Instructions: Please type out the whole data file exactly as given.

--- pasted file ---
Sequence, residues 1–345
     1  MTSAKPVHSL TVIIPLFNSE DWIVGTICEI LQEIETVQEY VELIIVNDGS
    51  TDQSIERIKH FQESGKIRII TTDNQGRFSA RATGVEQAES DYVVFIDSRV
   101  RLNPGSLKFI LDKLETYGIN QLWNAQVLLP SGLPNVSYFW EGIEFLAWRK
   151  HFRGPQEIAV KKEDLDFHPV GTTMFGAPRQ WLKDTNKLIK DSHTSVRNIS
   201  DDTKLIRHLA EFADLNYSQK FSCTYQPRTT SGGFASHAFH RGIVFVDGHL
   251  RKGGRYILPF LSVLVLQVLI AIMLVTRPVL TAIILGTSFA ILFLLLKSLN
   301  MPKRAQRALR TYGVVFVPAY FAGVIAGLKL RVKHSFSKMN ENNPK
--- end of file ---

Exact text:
Sequence, residues 1–345
     1  MTSAKPVHSL TVIIPLFNSE DWIVGTICEI LQEIETVQEY VELIIVNDGS
    51  TDQSIERIKH FQESGKIRII TTDNQGRFSA RATGVEQAES DYVVFIDSRV
   101  RLNPGSLKFI LDKLETYGIN QLWNAQVLLP SGLPNVSYFW EGIEFLAWRK
   151  HFRGPQEIAV KKEDLDFHPV GTTMFGAPRQ WLKDTNKLIK DSHTSVRNIS
   201  DDTKLIRHLA EFADLNYSQK FSCTYQPRTT SGGFASHAFH RGIVFVDGHL
   251  RKGGRYILPF LSVLVLQVLI AIMLVTRPVL TAIILGTSFA ILFLLLKSLN
   301  MPKRAQRALR TYGVVFVPAY FAGVIAGLKL RVKHSFSKMN ENNPK